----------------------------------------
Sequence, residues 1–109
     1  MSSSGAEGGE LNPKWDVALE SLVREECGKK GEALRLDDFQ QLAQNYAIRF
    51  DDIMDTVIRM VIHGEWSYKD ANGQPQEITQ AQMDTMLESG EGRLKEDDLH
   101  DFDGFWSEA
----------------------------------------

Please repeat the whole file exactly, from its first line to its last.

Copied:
Sequence, residues 1–109
     1  MSSSGAEGGE LNPKWDVALE SLVREECGKK GEALRLDDFQ QLAQNYAIRF
    51  DDIMDTVIRM VIHGEWSYKD ANGQPQEITQ AQMDTMLESG EGRLKEDDLH
   101  DFDGFWSEA